To celebrate ten years of nostalgia, ULTRA
Sofie Lindevall
11:15 25th February 2021

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On February 16, 2011 a young songwriter and aspiring artist uploaded a 14-track mixtape entitled nostalgia, ULTRA for the world to download – for free of course – from Tumblr. Having joined the hip hop collective Odd Future the year before, Frank Ocean’s self-released solo endeavour quickly caught the attention of music critics and fans across the globe and marked the starting point of one of the last decade’s most celebrated and influential forces in music.

One thing can be said for certain about Frank Ocean fans – they are patient. Known for being a perfectionist, Frank has time after time left fans hanging after announcing or teasing the release of projects that later ended up either being pushed back into an unforeseeable future or never seeing the light of day at all. To date, only two albums – channel ORANGE and Blond – are widely available to listeners across streaming services.

Although it could be argued that there isn’t such a thing as an underrated Frank Ocean song, we took a deep dive into the catalogue to celebrate nostalgia, ULTRA’s 10th anniversary and dug out 11 songs we think deserves an extra listen.


‘Nature Feels’

Even though the nostalgia, ULTRA tracks ‘Novacane’ and ‘Swim Good’ were re-released as singles in 2011 by Def Jam, Frank Ocean’s record label at the time, the majority of the tape has officially remained unreleased, supposedly due to the quite extensive use of uncleared samples. Now we say samples, but calling them samples could probably be seen as taking liberties at times. ‘Nature Feels’, the closing track of the mixtape, sees Frank “borrowing” the entire MGMT tack ‘Electric Feel’ and while the only changes made are to the lyrics, Frank still manages to make the track completely his own.

Often praised for his multi-layered interpretable lyrics, Frank is as blunt as one can be on ‘Nature Feels’ when he opens with the line “I’ve been meaning to fuck you in the garden”. The song is a direct, raw and honest story of passion and desire, with all the cards laid out on the table from the very start of the song.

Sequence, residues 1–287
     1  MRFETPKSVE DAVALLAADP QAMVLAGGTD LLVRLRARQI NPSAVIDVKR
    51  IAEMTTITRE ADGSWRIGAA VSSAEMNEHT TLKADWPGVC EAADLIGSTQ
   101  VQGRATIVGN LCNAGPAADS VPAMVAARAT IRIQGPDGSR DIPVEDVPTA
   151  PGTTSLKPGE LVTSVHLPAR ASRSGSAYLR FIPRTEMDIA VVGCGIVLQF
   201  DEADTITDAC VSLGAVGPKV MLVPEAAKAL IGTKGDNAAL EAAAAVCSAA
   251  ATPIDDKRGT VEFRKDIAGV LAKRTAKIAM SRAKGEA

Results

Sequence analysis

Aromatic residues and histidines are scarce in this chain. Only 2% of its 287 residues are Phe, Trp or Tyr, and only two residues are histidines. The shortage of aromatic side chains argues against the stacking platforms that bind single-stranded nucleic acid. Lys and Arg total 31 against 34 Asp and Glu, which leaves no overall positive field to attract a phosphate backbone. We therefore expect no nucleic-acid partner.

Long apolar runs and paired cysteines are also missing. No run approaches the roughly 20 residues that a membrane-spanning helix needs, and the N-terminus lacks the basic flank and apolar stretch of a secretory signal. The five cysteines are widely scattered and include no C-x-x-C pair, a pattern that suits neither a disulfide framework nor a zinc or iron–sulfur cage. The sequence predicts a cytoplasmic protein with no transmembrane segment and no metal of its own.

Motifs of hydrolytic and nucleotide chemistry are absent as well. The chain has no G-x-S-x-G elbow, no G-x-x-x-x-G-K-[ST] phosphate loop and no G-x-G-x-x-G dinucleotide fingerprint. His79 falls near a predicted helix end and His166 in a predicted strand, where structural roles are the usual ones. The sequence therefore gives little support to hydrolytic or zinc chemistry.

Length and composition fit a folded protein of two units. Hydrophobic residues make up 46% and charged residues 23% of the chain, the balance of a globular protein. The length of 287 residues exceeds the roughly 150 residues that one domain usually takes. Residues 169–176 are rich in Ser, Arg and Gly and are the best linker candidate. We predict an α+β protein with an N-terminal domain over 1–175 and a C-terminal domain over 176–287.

After a long four and a bit years wait for a follow-up to channel ORANGE, Frank Ocean’s universally-praised debut album, a 45-minute-long visual concept album entitled Endless was released exclusively via Apple Music in August 2016. The release fulfilled Frank’s recording agreement with his label Def Jam and enabled him to independently release his second studio album, Blond, the next day. Undoubtedly overshadowed by the success of Blond, Endless has also been cursed by the idea of being a collection of songs that didn’t make the album “proper”.

If the track ‘Alabama’ was placed in the middle of Blond it would fit in seamlessly with Frank’s uniquely phrased rap-soul-hybrid flow transitioning into a fleeting guest appearance by singer Sampha. It would be hard to argue that Endless is anything other than an unconventional album and placing it in a genre is next to impossible, but ‘Alabama’ is a prime example of the album’s moments of avant-garde R&B excellence, making it a masterpiece in its own right.


‘White (feat. Frank Ocean)’